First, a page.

Additional pieces to the puzzle that have shown themselves only serve to heighten speculation that we are not getting clear and concise answers. There is a connection to the recently installed Cray supercomputer at UAF and to the Geophysical Institute there. There is an obvious power requirement that might be met by a proposed coal power plant at Healy, connected by a proposed power distribution intertie. Some of the experiments will require “seeding” the ionosphere with chemicals that could be delivered by rockets from the Poker Flats rocket range near Fairbanks. Patents held by the ARCO subsidiary building HAARP describe a similar ionospheric heater and claim abilities to stop missiles, change weather, and disrupt global communications. The inventor, Bernard Eastlund, claims he was hired by ARCO to find a use for their Alaska North Slope gas deposits; hence, his inventions described in the patents. Microwave News May/June, 1994 reported Eastlund said “The HAARP project obviously looks a lot like the first step toward this.”

The Gakona location is interesting as it was once destined to become an over-the-horizon radar facility. The Cold War ended before it could be completely built. This left the military with a remote location with buildings and generating equipment partially completed, and a choice – either restore it to its original natural condition or find another use. HAARP conveniently fits the site. Is the choice of this remote site for these monster transmitters more a factor of fewer people to complain? Does it reduce the number of humans exposed to HAARP transmissions thereby reducing the liability? What about the wildlife in the area, what exposures will they be subjected to? One need only remember experiments of another era that generated nuclear fall-out killing and crippling humans and animals in its path. It only took forty to fifty years to get the agencies involved to admit liability.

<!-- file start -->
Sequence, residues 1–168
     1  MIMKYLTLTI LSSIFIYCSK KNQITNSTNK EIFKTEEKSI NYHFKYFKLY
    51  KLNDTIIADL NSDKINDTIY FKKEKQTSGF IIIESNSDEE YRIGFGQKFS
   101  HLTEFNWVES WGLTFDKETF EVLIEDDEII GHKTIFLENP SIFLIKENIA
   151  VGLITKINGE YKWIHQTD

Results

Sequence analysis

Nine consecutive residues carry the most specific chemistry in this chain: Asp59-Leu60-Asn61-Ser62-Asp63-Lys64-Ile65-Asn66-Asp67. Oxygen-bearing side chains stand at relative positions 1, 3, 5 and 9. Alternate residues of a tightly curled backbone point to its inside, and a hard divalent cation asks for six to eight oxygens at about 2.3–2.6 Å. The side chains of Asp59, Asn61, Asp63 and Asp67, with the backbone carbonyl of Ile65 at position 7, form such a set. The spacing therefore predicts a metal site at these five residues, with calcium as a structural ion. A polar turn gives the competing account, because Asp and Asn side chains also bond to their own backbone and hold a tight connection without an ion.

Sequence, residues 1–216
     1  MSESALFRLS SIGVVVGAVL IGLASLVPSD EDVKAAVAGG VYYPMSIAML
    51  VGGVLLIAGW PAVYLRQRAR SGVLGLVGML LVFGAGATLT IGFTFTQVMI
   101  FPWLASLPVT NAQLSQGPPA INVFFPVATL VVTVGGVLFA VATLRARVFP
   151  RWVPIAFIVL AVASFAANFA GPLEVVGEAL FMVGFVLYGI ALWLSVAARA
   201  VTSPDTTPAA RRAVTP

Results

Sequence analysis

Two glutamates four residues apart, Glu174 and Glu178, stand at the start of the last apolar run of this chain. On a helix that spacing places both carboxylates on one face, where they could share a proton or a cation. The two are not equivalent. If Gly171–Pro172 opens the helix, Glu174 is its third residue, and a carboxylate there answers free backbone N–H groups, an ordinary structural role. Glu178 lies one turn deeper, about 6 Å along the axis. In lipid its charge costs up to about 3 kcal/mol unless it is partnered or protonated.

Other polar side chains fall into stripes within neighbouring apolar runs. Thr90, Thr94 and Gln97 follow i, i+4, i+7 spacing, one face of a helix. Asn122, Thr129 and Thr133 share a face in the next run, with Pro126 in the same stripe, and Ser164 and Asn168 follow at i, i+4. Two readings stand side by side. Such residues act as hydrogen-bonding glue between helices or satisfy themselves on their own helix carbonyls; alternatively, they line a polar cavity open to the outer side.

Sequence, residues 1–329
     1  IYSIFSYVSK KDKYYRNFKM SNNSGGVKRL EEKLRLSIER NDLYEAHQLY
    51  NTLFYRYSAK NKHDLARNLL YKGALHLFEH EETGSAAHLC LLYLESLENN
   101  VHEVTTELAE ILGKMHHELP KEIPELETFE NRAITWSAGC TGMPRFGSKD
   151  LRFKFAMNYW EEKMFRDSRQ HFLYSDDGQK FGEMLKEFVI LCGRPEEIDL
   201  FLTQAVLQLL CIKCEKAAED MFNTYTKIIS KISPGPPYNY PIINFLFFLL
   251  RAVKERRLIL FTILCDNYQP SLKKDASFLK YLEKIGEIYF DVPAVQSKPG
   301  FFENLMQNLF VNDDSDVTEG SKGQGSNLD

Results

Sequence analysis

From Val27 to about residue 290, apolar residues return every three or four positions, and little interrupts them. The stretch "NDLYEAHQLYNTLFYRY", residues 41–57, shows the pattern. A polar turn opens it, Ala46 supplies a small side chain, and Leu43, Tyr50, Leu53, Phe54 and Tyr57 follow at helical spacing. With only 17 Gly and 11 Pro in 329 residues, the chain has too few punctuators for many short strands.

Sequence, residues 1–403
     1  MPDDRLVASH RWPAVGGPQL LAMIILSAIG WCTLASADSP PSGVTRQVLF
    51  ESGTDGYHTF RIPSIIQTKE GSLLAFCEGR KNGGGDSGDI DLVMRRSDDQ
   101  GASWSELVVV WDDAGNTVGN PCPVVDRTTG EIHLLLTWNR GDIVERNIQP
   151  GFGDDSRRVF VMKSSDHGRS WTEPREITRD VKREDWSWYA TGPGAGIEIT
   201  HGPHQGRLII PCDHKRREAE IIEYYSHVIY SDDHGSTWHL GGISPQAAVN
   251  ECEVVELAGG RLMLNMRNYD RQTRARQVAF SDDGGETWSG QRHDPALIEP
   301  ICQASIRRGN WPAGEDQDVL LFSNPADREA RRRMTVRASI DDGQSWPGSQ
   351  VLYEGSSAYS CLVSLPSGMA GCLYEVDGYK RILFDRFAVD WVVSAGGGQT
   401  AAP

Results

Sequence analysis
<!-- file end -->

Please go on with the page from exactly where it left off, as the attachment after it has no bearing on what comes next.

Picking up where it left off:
In order to get an idea of just how large the HAARP transmitters are, imagine all the ham radio operators in the United States (there are over 500,000) transmitting at their maximum allowed power from one giant antenna. That still would not be as powerful as HAARP’s multi-gigawatt (giga = billion) radiation capability. The average Alaskan ham can communicate across the state with less power than will be in the unintentional harmonics and side-lobes radiated by HAARP.

What exactly will HAARP do? According to HAARP project documents it will “perturb” the ionosphere with extremely powerful beams of energy. Using polarized, pulsating radio frequency transmissions to perform experiments which include devising methods to destroy the communications capabilities of others (presumably an adversary) while preserving their own communications. Experiments with mirroring and reflecting abilities of the ionosphere (abilities we currently depend on for all forms of communication) will be carried out to see what military purposes may be served by the resulting changes. An apt analogy that springs to mind is that of an inquisitive youngster poking a sleeping bear with a stick, to see what might happen! What will we do once the monster is unleashed?